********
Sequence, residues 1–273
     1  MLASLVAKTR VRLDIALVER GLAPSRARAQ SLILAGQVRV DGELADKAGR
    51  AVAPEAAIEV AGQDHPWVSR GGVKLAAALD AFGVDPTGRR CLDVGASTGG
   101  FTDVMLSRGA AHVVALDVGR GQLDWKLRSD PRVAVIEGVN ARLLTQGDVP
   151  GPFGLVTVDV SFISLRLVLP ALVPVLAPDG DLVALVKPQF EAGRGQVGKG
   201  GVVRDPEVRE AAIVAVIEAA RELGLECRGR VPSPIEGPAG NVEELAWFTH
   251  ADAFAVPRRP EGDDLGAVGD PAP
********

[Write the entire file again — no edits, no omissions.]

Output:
Sequence, residues 1–273
     1  MLASLVAKTR VRLDIALVER GLAPSRARAQ SLILAGQVRV DGELADKAGR
    51  AVAPEAAIEV AGQDHPWVSR GGVKLAAALD AFGVDPTGRR CLDVGASTGG
   101  FTDVMLSRGA AHVVALDVGR GQLDWKLRSD PRVAVIEGVN ARLLTQGDVP
   151  GPFGLVTVDV SFISLRLVLP ALVPVLAPDG DLVALVKPQF EAGRGQVGKG
   201  GVVRDPEVRE AAIVAVIEAA RELGLECRGR VPSPIEGPAG NVEELAWFTH
   251  ADAFAVPRRP EGDDLGAVGD PAP